Have you experienced that moment of horror when you arrive at the gym and realized you forgot to bring your MP3 player or headphones?
Let’s face it: a workout without music is boring, bland and anything but motivating.
This may explain why buildings where people gather to exercise and play sports are typically trembling with bass. But, did you know there is a scientific reason why fitness centers, aerobic classes and sports complexes blast loud, upbeat music from their speakers?
Humans will naturally follow a tempo.
According to Ph.D. Carl Foster, Ph.D. John Pocari and Mark Anders, conductors of an exercise research study sponsored by the American Council of Exercise, it was first noted that human beings were responsive to beats and tempos in 300 B.C. Foster explains “ You go all the way to back to rowers on the Roman Galleys[.] The guy is sitting there beating on his drum and he drives the basic rhythm of the rowing.”
Because of our basic instinct to synchronize, humans will move to the tempo, or beats per minute, of the sounds around them.
The beat is not the only aspect of music that complements exercise. Music has an “arousal” factor, according to Costas Karageorghis, Ph.D. When you hear that amazing beat or feel that booming bass, it is hard to just sit still. You feel the urge to move or dance.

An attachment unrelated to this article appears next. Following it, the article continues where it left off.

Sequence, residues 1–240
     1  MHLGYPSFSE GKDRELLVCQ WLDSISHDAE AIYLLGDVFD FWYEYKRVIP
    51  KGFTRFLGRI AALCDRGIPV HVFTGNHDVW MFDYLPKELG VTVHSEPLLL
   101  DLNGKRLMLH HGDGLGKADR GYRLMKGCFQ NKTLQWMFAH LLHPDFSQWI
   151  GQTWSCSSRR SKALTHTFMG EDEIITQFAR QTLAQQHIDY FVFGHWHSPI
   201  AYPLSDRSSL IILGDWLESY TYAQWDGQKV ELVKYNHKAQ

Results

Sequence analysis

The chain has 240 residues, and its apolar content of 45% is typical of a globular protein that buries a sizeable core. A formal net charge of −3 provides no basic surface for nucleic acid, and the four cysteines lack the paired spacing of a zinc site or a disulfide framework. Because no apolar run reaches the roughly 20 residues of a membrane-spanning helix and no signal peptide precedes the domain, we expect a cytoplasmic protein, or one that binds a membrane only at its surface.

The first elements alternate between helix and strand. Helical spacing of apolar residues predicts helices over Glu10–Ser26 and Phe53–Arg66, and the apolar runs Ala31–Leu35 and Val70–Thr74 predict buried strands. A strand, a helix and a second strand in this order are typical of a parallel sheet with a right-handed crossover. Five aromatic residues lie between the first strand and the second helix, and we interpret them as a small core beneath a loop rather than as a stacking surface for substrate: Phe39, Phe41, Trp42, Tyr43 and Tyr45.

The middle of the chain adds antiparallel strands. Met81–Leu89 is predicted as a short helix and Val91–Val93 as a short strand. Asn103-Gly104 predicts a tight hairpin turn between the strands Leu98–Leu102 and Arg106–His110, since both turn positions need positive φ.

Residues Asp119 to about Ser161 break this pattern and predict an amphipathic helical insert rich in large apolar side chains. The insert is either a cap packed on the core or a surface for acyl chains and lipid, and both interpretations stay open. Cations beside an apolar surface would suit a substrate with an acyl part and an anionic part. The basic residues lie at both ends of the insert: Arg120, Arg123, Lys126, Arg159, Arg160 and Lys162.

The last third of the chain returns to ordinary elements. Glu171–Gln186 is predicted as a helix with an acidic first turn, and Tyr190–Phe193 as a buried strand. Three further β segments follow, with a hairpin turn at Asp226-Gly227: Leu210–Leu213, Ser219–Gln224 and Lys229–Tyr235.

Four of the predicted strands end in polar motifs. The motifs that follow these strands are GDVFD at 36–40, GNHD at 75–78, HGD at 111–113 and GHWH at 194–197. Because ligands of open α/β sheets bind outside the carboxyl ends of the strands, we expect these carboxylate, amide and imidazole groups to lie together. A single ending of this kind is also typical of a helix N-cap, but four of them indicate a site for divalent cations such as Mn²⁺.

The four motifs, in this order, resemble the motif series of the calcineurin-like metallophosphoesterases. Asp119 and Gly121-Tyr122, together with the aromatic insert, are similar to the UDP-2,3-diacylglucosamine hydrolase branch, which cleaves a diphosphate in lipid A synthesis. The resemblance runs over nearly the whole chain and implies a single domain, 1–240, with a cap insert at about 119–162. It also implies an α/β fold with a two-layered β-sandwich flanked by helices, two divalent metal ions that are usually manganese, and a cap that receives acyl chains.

Music is a great distraction as well. Dentists use this tactic every day. Next time you have a seat in a dentist chair, notice the music playing in the background. It helps to keep your mind on the rhythm and beat of a song rather than the fact that there are metal instruments or drills in your mouth. The right music can distract you from the burning in your calves while running or the strain in your biceps while lifting weights.
Once you have learned the scientific and historical facts concerning exercise and tempo, you can now mold your fitness routines around the music in which you listen.
The rule of thumb is to build your workout playlist around songs that have BPM that are equal to the heart rate in which you would like to achieve.
For example, the song Eye of the Tiger, made popular by the movie Rocky, contains 111 BPM. This is your target heart rate when this song plays during a jog or an aerobics class.
BPM of Songs from the Billboard Top 10 (Week of Nov. 8, 2014)
- Shake It Off – Taylor Swift 160 bpm
- All About That Bass – Meghan Trainor 143 bpm
- Habits (Stay High) – The Chainsmokers 128 bpm
- Bang Bang- Jessie J, Ariana Grande, Nicki Minaj 149 bpm
- Animals – Maroon 5 95 bpm
- Black Widow – Iggy Azalea, Rita Ora 164 bpm
- Don’t Tell ‘Em – Jeremih, YG 122 bpm
- Hot Boy – Bobby Shmurda 84 bpm
- Take Me to Church- Hozier 128 bpm
- Stay With Me- Sam Smith 87 bpm
All BPM counts were found on www.songbpm.com. On that website, you can type in an artist or song and it will give you the duration of the song as well as the BPM.
Karageorghis made an interesting comparison when he said “music is like the legal drug for athletes.” Rather you are an athlete, avid runner, lover of aerobics classes or just a gym rat, the music you choose to listen to as you exercise will influence the intensity of workout, amount of calories you burn and ultimately, the results you will achieve.